Rabelais’ house was built in the 15th century and is a two-storey building in tuffeau stone. The site’s iconic dovecote barn was built next to the house in the 17th century.

Outbuildings surround the courtyard: the sharecropper’s house, now devoted to François Rabelais’ life, and the winemaker’s house next to the cellars, the “belly” of this tenant farm. The cellars were originally quarries where tuffeau stone was extracted to build La Devinière before they became stables, a troglodyte dwelling and wine cellars. The stunning space now houses temporary exhibitions.

La Devinière is where Rabelais is presumed to have been born and is made up of several houses built around a square courtyard: a 15th century house with Rabelais’ bedroom, an iconic dovecote barn, the sharecropper and winemaker’s houses.

An incredible dovecote

The dovecote barn was added to the house in the 17th century and is the most famous building here with its rounded terracotta roof tiles, a signature feature of this part of Touraine. The number of pigeonholes (288) each housing a pair of pigeons made the master’s fortune as the breeding size was linked to the size of the land.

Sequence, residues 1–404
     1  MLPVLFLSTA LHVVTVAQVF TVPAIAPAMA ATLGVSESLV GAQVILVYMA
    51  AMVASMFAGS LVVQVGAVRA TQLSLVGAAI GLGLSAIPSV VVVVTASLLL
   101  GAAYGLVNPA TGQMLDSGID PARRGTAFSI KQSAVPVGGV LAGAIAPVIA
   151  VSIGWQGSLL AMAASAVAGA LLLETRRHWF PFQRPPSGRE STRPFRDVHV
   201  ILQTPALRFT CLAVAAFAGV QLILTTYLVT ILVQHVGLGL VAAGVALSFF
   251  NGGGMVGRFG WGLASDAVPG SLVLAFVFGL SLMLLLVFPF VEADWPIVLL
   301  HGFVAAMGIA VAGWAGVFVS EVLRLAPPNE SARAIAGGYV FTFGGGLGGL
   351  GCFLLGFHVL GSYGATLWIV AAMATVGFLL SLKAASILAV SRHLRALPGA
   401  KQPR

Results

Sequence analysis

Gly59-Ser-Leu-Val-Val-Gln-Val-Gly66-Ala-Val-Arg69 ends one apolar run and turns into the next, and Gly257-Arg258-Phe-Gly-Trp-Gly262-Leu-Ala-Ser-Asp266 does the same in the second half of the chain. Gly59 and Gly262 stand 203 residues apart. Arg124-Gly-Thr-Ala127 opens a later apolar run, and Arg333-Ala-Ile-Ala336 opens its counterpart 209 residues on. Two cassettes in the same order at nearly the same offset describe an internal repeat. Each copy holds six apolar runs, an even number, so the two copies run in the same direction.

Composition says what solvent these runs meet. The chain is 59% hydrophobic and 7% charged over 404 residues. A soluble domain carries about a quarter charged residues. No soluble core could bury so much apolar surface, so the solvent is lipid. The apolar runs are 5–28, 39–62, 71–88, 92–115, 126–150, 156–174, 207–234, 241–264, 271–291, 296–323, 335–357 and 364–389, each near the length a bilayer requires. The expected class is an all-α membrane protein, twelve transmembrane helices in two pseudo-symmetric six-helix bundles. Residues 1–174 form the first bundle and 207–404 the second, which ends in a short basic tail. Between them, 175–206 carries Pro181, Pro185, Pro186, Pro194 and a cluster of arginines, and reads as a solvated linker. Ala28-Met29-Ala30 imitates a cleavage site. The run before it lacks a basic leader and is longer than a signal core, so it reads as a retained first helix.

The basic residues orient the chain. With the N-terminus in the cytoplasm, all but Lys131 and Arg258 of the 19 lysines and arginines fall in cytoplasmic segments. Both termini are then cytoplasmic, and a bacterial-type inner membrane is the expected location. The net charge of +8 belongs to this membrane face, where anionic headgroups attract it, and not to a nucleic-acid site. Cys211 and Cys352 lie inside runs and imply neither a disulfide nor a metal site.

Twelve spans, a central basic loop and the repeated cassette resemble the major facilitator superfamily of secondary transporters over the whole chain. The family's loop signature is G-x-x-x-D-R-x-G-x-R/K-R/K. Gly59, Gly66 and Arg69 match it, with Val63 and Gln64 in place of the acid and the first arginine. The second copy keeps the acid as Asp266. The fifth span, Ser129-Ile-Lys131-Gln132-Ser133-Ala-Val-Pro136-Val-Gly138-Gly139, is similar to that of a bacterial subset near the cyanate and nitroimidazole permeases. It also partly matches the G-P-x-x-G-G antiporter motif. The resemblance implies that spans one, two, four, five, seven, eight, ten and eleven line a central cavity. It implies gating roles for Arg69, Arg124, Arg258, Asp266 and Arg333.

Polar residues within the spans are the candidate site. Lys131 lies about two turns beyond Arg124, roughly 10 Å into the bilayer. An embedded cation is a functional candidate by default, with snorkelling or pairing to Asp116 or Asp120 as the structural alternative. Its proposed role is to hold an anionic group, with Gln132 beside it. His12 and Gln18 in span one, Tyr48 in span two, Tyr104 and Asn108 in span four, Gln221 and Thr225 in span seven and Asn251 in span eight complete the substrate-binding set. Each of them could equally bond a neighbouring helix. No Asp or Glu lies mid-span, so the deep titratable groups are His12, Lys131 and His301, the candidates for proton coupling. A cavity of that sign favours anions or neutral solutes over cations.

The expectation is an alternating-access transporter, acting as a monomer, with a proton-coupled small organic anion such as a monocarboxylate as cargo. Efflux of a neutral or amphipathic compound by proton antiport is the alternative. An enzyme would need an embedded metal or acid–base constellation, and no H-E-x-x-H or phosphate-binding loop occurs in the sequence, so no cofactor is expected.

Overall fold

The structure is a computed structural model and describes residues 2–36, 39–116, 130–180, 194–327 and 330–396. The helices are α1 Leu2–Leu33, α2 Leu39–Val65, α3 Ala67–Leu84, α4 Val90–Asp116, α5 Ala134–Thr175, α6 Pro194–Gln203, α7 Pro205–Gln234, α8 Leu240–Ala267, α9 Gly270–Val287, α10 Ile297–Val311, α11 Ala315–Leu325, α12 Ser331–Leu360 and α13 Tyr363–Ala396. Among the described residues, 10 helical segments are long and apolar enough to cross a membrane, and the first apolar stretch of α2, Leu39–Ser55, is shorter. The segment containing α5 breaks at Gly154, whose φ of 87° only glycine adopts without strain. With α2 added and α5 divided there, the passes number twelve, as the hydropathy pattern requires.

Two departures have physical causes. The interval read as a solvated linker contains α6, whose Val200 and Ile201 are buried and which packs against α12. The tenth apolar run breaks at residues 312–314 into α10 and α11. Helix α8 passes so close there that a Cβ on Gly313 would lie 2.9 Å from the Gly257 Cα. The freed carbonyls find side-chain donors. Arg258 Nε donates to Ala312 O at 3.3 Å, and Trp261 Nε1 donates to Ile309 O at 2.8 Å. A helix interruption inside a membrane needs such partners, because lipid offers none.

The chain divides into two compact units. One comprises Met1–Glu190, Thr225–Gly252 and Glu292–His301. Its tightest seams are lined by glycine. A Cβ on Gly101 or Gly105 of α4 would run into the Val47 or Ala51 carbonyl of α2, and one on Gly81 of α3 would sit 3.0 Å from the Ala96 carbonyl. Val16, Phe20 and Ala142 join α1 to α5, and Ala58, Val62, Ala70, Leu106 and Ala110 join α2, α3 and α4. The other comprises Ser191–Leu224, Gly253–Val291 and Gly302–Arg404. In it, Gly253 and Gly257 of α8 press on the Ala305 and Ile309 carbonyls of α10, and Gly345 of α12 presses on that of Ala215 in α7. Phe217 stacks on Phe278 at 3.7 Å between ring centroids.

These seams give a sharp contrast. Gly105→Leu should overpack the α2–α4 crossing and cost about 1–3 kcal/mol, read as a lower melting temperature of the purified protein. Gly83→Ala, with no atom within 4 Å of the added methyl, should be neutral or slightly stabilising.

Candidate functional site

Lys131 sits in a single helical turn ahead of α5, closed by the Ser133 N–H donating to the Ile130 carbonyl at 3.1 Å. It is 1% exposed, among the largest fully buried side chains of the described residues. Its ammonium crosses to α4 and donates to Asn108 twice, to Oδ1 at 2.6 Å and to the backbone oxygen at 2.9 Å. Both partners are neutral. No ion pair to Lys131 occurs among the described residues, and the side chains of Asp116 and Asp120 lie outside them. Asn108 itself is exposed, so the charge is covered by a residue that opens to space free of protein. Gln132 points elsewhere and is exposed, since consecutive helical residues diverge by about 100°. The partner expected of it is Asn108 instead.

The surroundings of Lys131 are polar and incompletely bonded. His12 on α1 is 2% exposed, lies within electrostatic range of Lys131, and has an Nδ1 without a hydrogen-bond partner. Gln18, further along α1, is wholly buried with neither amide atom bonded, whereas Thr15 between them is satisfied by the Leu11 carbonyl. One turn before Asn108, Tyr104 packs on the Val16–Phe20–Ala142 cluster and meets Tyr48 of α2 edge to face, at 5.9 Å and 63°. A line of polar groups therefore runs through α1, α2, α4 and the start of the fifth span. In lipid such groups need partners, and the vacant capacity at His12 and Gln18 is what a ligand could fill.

The collections inside the dovecote present different sides of the author: doctor, man of the Church, Rabelais through the eyes of his contemporaries or more recent writers (Flaubert etc.). His books are also on show: Gargantua, The Third Book, The Fourth Book and the theme of humour in his work.

The sharecropper’s house

This small domestic room is devoted to the biography and travels of François Rabelais.

The house

Rabelais’ two-storey house was built in tuffeau stone in the 15th century. The main room and its feature hearth take up the ground floor whilst the bedroom appears as you go up the stairs. The room layout is as it was in Rabelais’ time.

The winemaker’s house

The so-called winemaker’s house presents original features – oven, stone “potager” pot – to cook soup.